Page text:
World Climate Conference: With billions in his pocket: Biden travels to COP27

US President Joe Biden is traveling to the world climate conference in Egypt, strengthened by his legislative package on new billion-euro investments in climate protection.

World Climate Conference: With billions in his pocket: Biden travels to COP27

US President Joe Biden is traveling to the world climate conference in Egypt, strengthened by his legislative package on new billion-euro investments in climate protection. He is also likely to address the massive investments in his speech planned for Friday in Sharm el Sheikh, where representatives from almost 200 countries will discuss the further fight against global warming. At the same time, poorer countries are demanding more funding commitments from industrialized countries like the United States in order to curb climate-related damage and losses.

The speech will be an opportunity to set the tone for next week's negotiations, a senior US official said in advance. The "unprecedented work of the USA in reducing emissions" is also a topic, according to Washington. With the legislation, the United States went from being a "global laggard to a global leader" on the climate in less than 18 months. Biden is leaving again the same day, the conference will run until the end of next week.

The US Congress passed the Anti-Inflation Act in August. Around 370 billion dollars (363 billion euros) are to be invested in climate protection over the next ten years, for example to promote the manufacture of solar cells and wind turbines. Financial incentives are also provided for the construction of electric car plants. The country wants to reduce its CO2 emissions by around 40 percent by 2030.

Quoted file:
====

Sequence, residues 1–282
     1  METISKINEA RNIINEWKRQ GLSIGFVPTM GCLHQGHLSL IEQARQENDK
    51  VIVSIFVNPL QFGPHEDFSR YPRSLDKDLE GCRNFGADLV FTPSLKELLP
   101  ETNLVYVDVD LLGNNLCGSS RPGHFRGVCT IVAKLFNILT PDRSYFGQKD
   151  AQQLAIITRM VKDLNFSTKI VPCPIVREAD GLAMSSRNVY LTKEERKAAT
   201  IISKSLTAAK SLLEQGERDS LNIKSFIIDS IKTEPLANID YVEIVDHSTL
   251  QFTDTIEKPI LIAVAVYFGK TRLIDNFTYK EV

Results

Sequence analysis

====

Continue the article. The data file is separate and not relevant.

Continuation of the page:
US climate dialogue with China on hold

While the exact composition of the US Congress remains unclear after the midterm elections, there is no way this "big climate legislation" can be overturned, said Dan Lashof, director of the World Resources Institute. The law will reduce US emissions for years. The next important step is also to act responsibly in international climate finance, where the USA has lagged behind. Funding to contain climate-related damage and losses in poorer countries has been a matter of debate for years. This year, the topic is on the agenda at a climate conference for the first time.

The US climate dialogue with China, which the world's two largest economies and emitters of greenhouse gases announced at the COP26 in Glasgow, is currently on hold. The background is tensions over Taiwan and the visit of US top politician Nancy Pelosi there. According to the British "Guardian", Chinese climate commissioner Xie Zhenhua said at the conference that the United States would first have to "remove certain hurdles" before the dialogue could be resumed. They are the ones who closed the door.

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